Project Manager.Project management is concerned first and foremost with identifying and mitigating project risk. The aggressive search for technical risk that drives R3 (one of the Rs is Risk Identification) meets these concerns. The design space provides a concise snapshot of the status of a design, and provides a structure for allocating and tracking engineering effort versus project objectives.

Chief Technology Officer (CTO).Modern enterprise systems are universally composed from commercial components. Such large-scale and long-lived systems never leave the design phase and, in fact, inhabit all phases of the development life cycle at all times. The CTO will find all of the concepts and techniques we describe useful for managing technology refresh.

Software Engineers and Programmers.The frontline developer is the true unsung hero of component-based development. Project success depends upon developers to remain current with technology trends. This book provides ammunition for developers who wish to convince their management to invest in technology training in addition to the usual process training.

How to read this book

This book has three parts, as follows:

  • Part I explores the engineering challenges posed by commercial components. We describe engineering techniques that meet these challenges, and describe, wherever possible, workflows for incorporating these techniques into an enclosing development process.
  • Part II presents an extended case study of a project that we were involved with starting in 1998. Each chapter illustrates the challenges posed by commercial components and the techniques used to meet these challenges.
  • Part III provides advice on how to get started using the techniques described in this book. We also dust off our crystal ball and make predictions about the future of component-based development.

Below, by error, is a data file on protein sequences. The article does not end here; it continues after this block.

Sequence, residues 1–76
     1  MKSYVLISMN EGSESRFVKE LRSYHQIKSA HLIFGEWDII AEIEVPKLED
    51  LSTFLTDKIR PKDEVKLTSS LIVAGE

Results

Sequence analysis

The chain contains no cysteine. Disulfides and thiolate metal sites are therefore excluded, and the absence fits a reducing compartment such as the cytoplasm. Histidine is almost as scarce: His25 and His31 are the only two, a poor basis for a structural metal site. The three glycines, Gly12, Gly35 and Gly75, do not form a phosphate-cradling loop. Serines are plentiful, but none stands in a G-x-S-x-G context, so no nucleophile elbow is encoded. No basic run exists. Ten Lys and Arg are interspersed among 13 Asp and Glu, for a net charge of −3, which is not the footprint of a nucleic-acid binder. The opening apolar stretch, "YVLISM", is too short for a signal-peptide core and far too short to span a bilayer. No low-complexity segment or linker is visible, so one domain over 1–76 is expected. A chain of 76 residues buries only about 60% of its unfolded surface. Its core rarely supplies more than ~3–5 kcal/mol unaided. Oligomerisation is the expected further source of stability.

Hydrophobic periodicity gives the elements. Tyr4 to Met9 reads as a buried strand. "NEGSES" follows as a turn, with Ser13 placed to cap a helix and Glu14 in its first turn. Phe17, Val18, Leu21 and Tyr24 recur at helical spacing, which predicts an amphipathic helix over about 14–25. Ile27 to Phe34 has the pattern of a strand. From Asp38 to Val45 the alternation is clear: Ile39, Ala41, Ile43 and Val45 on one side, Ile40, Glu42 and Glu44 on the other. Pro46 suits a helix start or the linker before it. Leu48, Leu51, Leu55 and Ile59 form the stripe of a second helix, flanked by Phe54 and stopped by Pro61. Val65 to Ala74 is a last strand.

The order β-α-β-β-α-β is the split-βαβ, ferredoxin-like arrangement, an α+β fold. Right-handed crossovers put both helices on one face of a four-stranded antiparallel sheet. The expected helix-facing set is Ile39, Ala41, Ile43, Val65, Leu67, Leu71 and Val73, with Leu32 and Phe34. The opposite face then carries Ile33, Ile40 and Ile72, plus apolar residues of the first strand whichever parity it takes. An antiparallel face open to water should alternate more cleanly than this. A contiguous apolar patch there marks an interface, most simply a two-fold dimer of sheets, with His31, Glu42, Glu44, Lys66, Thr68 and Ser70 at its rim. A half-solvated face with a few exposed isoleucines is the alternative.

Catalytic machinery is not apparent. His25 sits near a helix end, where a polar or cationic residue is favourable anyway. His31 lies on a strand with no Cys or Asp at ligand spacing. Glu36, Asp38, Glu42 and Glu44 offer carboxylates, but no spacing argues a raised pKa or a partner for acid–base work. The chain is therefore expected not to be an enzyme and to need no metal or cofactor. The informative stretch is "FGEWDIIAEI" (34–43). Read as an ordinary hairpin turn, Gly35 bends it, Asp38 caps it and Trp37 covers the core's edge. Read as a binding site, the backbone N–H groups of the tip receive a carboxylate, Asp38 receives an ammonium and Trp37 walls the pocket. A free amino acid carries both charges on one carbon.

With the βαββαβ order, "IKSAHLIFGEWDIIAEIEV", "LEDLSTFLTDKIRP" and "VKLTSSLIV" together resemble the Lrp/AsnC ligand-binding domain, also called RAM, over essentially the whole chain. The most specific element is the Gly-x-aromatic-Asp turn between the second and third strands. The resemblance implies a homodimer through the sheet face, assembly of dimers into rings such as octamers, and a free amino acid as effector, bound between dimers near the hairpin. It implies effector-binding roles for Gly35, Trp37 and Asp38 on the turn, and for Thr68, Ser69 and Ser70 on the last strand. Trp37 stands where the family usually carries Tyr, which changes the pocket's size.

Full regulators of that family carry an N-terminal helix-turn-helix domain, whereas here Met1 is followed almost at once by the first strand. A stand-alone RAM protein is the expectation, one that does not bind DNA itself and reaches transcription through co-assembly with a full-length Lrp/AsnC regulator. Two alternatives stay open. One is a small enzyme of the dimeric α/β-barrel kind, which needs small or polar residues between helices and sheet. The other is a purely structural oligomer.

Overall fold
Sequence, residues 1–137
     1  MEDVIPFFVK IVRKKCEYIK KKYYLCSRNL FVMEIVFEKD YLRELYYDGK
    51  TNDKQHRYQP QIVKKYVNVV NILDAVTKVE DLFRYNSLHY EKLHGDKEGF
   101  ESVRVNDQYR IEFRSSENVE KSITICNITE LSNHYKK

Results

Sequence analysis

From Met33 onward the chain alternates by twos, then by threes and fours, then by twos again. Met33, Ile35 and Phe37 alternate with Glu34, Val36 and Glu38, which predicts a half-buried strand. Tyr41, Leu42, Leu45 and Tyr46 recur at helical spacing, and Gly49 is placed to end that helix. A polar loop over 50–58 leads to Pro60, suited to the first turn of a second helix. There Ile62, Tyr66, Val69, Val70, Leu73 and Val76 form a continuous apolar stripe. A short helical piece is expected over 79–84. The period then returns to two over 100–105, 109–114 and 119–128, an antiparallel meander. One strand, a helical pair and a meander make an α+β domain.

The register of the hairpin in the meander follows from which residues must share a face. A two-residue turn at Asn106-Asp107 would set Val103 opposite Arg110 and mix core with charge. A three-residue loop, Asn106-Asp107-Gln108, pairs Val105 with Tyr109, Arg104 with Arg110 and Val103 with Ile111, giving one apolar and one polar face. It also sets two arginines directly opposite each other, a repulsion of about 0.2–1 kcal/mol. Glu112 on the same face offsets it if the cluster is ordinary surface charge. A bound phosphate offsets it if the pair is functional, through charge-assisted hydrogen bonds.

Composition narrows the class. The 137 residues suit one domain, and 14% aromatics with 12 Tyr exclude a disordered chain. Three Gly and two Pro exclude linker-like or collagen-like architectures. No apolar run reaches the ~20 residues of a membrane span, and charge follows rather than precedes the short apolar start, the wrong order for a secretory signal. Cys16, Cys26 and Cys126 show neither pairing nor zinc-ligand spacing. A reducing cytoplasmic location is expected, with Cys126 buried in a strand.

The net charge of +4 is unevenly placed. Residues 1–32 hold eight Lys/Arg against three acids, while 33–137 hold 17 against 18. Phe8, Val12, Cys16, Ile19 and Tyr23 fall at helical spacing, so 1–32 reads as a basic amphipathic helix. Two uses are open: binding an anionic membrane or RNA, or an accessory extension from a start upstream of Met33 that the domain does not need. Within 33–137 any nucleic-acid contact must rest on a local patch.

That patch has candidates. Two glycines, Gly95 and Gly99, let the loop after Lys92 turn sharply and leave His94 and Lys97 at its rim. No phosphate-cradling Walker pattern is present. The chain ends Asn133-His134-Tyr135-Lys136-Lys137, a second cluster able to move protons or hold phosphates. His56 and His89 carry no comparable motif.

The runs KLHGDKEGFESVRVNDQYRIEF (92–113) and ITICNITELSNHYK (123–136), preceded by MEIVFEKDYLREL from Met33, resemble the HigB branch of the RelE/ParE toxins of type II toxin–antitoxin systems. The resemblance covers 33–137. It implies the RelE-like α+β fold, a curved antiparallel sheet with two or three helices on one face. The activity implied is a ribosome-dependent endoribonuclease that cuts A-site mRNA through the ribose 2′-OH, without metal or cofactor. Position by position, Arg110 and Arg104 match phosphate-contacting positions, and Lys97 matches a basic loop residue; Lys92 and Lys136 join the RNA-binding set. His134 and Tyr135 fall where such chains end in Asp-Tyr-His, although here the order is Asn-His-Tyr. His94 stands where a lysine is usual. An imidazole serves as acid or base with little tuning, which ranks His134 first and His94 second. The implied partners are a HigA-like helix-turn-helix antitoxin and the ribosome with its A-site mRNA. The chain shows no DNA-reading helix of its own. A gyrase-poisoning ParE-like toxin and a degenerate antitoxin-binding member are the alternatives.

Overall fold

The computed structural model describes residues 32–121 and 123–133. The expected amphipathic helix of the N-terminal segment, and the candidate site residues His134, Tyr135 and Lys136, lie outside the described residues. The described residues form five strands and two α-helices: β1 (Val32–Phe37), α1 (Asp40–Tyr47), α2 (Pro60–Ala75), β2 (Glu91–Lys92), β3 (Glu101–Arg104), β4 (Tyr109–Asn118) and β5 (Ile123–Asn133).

Chapter 1 introduces the problems inherent in component-based development. Chapters 2 through 4 explain why it is necessary to abandon as unworkable some of the more staid precepts of software process. Chapter 5 describes component ensembles and blackboards, both essential concepts in their own right and for the material presented in this book. Chapter 6 defines process models for exploratory design and design risk reduction. Chapters 7 and 8 describe how design documentation developed by these processes can be managed and reused, respectively. The remaining chapters in Part I describe specific techniques (really, families of techniques) for developing component-based systems. These can be read in any order; you can also skip these and head straight for the case study and return to the techniques as needed.

The case study describes a chain of events and so these chapters are linked by a running narrative. However, the chapters are designed to be relatively stand-alone, although the motivation for the work described in each chapter may be less than clear if you read them out of order. Chapter 14, which provides a mini-tutorial on public key infrastructure (PKI) and security, is one exception. If you already understand PKI, skip this chapter. Otherwise, you will need to read it to understand the details of the case study.



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Table of Contents

Preface.

I: FUNDAMENTALS.

1. Components Everywhere.

The Software Component Revolution.

Component Space.

Process, Method & Notation Assumptions.

Terminology and Acronyms.

Summary.

2. The Unfinished Revolution.

The First Software Crisis.

The Software Factory Regime.

The Second Software Crisis.

The Market Regime.

Le Procés c'est mort! Vive le Procés!

Summary.

For Further Reading.

Discussion Questions.

3. Engineering Design & Components.

Fundamental Ideas.

Impact of Software Components.

Designing With & For Components.

Summary.

Discussion Questions.

4. Requirements & Components.

Fundamental Ideas.

Traditional Requirements Engineering.

Component-Based Requirements Engineering.

Summary.

Discussion Questions.

5. Ensembles & Blackboards.

Fundamental Ideas.

The Ensemble Metamodel.